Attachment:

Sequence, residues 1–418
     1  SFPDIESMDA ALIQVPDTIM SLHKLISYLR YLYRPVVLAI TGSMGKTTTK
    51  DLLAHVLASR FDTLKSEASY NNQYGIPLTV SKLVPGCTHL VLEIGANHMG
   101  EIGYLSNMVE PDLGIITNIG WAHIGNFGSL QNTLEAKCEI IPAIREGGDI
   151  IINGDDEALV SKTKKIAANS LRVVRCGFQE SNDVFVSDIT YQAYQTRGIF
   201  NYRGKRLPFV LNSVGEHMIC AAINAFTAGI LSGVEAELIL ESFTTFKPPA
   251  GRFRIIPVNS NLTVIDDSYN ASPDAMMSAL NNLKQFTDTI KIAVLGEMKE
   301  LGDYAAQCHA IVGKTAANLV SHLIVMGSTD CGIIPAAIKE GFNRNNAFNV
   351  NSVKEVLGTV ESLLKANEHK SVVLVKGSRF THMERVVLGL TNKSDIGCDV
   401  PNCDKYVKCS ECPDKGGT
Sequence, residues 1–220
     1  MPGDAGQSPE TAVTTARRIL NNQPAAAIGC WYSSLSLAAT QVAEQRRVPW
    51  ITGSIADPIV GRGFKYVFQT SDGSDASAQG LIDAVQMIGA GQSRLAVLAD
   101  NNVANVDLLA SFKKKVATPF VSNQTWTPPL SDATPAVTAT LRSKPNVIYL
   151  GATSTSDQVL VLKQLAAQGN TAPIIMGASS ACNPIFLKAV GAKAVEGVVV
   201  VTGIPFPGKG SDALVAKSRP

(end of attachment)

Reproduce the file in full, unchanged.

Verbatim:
Sequence, residues 1–418
     1  SFPDIESMDA ALIQVPDTIM SLHKLISYLR YLYRPVVLAI TGSMGKTTTK
    51  DLLAHVLASR FDTLKSEASY NNQYGIPLTV SKLVPGCTHL VLEIGANHMG
   101  EIGYLSNMVE PDLGIITNIG WAHIGNFGSL QNTLEAKCEI IPAIREGGDI
   151  IINGDDEALV SKTKKIAANS LRVVRCGFQE SNDVFVSDIT YQAYQTRGIF
   201  NYRGKRLPFV LNSVGEHMIC AAINAFTAGI LSGVEAELIL ESFTTFKPPA
   251  GRFRIIPVNS NLTVIDDSYN ASPDAMMSAL NNLKQFTDTI KIAVLGEMKE
   301  LGDYAAQCHA IVGKTAANLV SHLIVMGSTD CGIIPAAIKE GFNRNNAFNV
   351  NSVKEVLGTV ESLLKANEHK SVVLVKGSRF THMERVVLGL TNKSDIGCDV
   401  PNCDKYVKCS ECPDKGGT
Sequence, residues 1–220
     1  MPGDAGQSPE TAVTTARRIL NNQPAAAIGC WYSSLSLAAT QVAEQRRVPW
    51  ITGSIADPIV GRGFKYVFQT SDGSDASAQG LIDAVQMIGA GQSRLAVLAD
   101  NNVANVDLLA SFKKKVATPF VSNQTWTPPL SDATPAVTAT LRSKPNVIYL
   151  GATSTSDQVL VLKQLAAQGN TAPIIMGASS ACNPIFLKAV GAKAVEGVVV
   201  VTGIPFPGKG SDALVAKSRP